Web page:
Mighty Conqueror has emerged as the horse to beat for the Group 1 Golden Nugget on December 14, following his dominant win in the Group 2 Four-Year-Old Championship at Gloucester Park last night. Despite WA Derby winner King Of Swing and last week’s Pinjarra Four-Year-Old Classic winner Jack Mac both missing last night’s event, Mighty Conqueror produced a performance that put his Nugget rivals on notice. The Gary Hall Snr-trained Think About Me was sent out a $2.35 TABtouch favourite from barrier one, but Ryan Warwick drove aggressively on Mighty Conqueror to find the front in the early stages. Think About Me was forced to settle on the back of Mighty Conqueror, while Golden State settled in the breeze. Bechers Brook enjoyed a perfect run throughout and was left as the final challenger to Mighty Conqueror on the home turn, but the Greg and Skye Bond-trained gelding fought off Bechers Brook to win by 7m. A winner at six of his seven starts now, Mighty Conqueror ran home in 57.1 and maintained his unbeaten record in Australia. Bechers Brook and Think About Me filled the minor placings, while the other Bond runner Bright Diamond was fourth. As impressive as the performance was from Mighty Conqueror, Greg Bond suggested post-race his most exciting four-year-old, and potentially his best, was yet to run in Australia. Ana Malak lines up at Pinjarra on Monday over 2185m, where he will be looking to enhance his Golden Nugget credentials, as will Bettor Aim, the only pacer to beat Jack Mac in Perth. Mighty Conqueror was the second leg of a feature double on the night for the Bond team, after Galactic Star took out the Pat Cranley Memorial (1730m). The Bond stable have expressed their interest in getting the six-year-old to Melbourne for next month’s Inter Dominion Series and he showed last night he would be more than competitive against some of Australasia’s best pacers. The race panned out perfectly for Galactic Star, who was second-up from a spell, with Warwick able to find the one out one back position from barrier six, while Tricky Styx held the front from barrier one. Galactic Star was well poised coming into the home straight and went on to win by 3m to Devendra and Our Jimmy Johnstone. Arguably the most impressive winner of the night was Our Angel Of Harlem in the Glenroy Chaff Pace (2130m). The mare was first-up without a trial last night and subsequently drifted to $2.05 second favourite with TABtouch, while Infinite Symbol was $1.70. Infinite Symbol led throughout, while Our Angel Of Harlem sat in the breeze, but when reinsman Mark Reed called upon the mare to make her run she responded brilliantly to win by 3m. Reed said there was still plenty of improvement left in the four-year-old. “She’s still very big in condition,” he said. “I knew she’d benefit from whatever she does tonight but she just got a little bit keen in the run.” Trainer Mike Reed said he would consider running Our Angel Of Harlem in the Golden Nugget as well as the Mares Classic a week earlier. It was also a landmark night trainer-reinsman Kaiden Hayter, who recorded his first Gloucester Park Friday night winning double in the sulky.   Tim Walker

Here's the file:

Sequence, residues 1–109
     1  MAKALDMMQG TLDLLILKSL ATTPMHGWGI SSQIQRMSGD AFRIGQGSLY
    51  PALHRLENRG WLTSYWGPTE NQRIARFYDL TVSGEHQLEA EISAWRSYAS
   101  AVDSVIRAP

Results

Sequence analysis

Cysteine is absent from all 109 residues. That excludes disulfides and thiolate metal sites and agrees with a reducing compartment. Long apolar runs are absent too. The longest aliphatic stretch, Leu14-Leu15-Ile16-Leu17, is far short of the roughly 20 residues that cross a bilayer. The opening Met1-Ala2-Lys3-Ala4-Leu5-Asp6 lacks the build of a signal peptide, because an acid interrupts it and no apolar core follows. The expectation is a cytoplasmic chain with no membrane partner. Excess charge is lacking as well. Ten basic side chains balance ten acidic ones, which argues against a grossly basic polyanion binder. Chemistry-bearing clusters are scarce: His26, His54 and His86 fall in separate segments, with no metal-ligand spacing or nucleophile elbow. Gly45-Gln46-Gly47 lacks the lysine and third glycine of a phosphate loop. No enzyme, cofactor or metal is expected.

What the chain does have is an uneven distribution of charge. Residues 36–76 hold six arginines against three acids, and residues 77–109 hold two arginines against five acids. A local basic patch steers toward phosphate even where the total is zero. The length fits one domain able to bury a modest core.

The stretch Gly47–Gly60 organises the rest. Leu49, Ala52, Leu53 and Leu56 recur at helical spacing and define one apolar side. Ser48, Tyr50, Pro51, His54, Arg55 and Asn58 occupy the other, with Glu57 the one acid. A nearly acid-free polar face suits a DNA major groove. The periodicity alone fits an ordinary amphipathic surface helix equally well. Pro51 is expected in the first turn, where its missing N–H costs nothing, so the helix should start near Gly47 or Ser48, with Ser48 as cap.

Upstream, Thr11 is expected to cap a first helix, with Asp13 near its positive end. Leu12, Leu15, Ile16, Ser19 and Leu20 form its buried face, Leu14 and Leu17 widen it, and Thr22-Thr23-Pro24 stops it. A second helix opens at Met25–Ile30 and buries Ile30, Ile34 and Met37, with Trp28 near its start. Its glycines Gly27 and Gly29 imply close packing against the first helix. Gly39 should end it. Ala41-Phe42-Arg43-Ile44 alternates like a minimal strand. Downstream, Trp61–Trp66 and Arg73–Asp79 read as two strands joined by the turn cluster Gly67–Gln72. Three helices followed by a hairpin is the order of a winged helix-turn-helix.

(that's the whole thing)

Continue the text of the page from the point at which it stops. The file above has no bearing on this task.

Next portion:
Hall of Fame trainer Gary Hall Snr is delighted at the progress being made by lightly-raced four-year-old Benhope Rulz and said the gelding was firmly on track for a start in the $200,000 Golden Nugget next month. Hall expects Benhope Rulz, the youngest and least experienced runner in the field, to maintain his splendid form by proving too talented for his rivals in the $20,000 Book Your Xmas Function at the Beau Rivage Pace at Gloucester Park on Friday night. Benhope Rulz won for the fifth time from seven starts in his current preparation when he started from barrier five, dashed to the lead after 300m and sprinted over the final sections in 28.5sec. and 28.1sec. to win from stablemate Luis Alberto at a 1.56.8 rate last Friday night. With Gary Hall Jnr in New Zealand, Stuart McDonald will again be in the sulky behind Benhope Rulz, who is handily drawn at No. 2 on the back line. “He’s a pretty good horse and only bad luck will beat him this week,” said Hall Snr. “Danieljohn looks the one to beat, and Suspicious Life also has claims. Hall produced another Nugget hopeful at Gloucester Park on Tuesday evening when McDonald drove former Victorian performer Think About Me to victory by a head over Shadow Maker, dashing over the final 400m in 27.8sec. and rating 1.57.4 over 2130m. “At the moment I have Nugget contenders in Benhope Rulz, Speed Man, King of Swing, Think About Me and another one I haven’t produced,” Hall said. Mundijong trainer Kristian Hawkins has three runners up against Benhope Rulz in Friday night’s race over 2130m. He will drive veteran Danieljohn from barrier one, Ryan Warwick will handle Bettor Not Bitter (barrier three) and Corey Peterson will be in the sulky behind Runaway Three at barrier five. “I’ll be desperately disappointed if Danieljohn leads and gets beaten, given the way he is going,” Hawkins said. “He is a much superior horse in front. He is just a freak of a horse who loves being in work. He tries really hard and is always eager to please.” The ten-year-old Danieljohn certainly looks the leader on Friday night and should take catching. He is still racing enthusiastically after 145 race starts for 34 wins and 44 placings for earnings of $312,379. Hawkins also has sound prospects on Friday night with several stable runners, including The Trilogy, Dontstopbelievin, Stroganoff and Starlight Brigade. Dontstopbelievin, a winner at seven of her past ten starts, is poorly drawn at barrier seven in the 2536m Book Your Next Conference at Gloucester Park Pace. “I know she won well last Friday, but her past two runs haven’t left me as happy as I would have liked,” Hawkins said. “It was just in the manner in which she raced, sort of dour. Now I want to give her one run over 2536m before the classic races come up. After this week’s race she’ll probably have three and a half weeks off until the $125,000Four-Year-Old Classic on December 30. “That will mean she will miss a couple of $50,000 races, but I think that will be better for her. “From barrier six on Friday night I’ll probably driver her with a sit, something I haven’t driven her before, apart from the time I butchered it. I daresay my hand probably will be forced on Friday and it will be more of a learning curve on how she will go, sitting up. I’ll probably have one crack at them, whether we go at the bell or at another stage of the race; it depends on the tempo of the race.” Hawkins said he had good prospects with Stroganoff in race six and Starlight Brigade in the seventh event. Both are favourably drawn at barrier two on the front line. “I’ll be doing my best to find the front with Stroganoff,” Hawkins said. “When we get serious out of the gate he’s always had plenty of toe. If he finds the front, he’s a big show. Starlight Brigade should find the front and should go well in his race. At his latest start, at Kellerberrin, he sat in the breeze which is not his go and was just beaten (by a head) by Patrickthepiranha, rating 1.59.3 which was a quicker time than that recorded by The Trilogy in the main race that day.” Ken Casellas